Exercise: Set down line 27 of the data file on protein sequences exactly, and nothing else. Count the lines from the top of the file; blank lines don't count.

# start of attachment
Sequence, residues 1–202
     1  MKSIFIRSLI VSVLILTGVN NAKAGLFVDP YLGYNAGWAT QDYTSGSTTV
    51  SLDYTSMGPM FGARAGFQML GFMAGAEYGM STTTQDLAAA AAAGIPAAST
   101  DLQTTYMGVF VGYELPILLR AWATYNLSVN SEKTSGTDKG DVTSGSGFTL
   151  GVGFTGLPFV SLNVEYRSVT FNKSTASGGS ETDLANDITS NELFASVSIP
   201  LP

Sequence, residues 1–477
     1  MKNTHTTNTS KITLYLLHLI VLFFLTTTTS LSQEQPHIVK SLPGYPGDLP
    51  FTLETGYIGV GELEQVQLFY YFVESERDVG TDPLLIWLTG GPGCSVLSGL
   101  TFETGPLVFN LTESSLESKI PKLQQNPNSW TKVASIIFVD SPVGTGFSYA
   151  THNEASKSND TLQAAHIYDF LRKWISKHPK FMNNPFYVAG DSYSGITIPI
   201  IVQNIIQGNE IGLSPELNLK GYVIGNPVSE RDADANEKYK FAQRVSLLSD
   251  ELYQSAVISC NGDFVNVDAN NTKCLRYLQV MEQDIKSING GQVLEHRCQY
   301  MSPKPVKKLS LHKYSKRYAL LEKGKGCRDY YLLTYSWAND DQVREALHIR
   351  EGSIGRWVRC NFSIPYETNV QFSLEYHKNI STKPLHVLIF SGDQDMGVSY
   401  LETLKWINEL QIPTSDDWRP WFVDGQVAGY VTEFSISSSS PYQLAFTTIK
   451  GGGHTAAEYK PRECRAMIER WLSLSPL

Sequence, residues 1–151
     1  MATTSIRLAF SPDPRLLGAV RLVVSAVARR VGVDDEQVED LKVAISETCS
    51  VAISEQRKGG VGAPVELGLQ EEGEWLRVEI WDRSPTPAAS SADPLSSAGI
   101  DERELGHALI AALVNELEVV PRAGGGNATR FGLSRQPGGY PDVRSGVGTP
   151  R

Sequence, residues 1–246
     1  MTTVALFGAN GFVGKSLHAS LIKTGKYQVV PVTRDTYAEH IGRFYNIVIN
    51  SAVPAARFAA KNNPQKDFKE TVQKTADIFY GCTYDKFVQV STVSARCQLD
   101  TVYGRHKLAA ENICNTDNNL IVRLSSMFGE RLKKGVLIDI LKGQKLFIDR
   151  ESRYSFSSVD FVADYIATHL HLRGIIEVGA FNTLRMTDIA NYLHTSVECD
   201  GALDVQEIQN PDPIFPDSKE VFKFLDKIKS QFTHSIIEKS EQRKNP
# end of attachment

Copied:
   151  ESRYSFSSVD FVADYIATHL HLRGIIEVGA FNTLRMTDIA NYLHTSVECD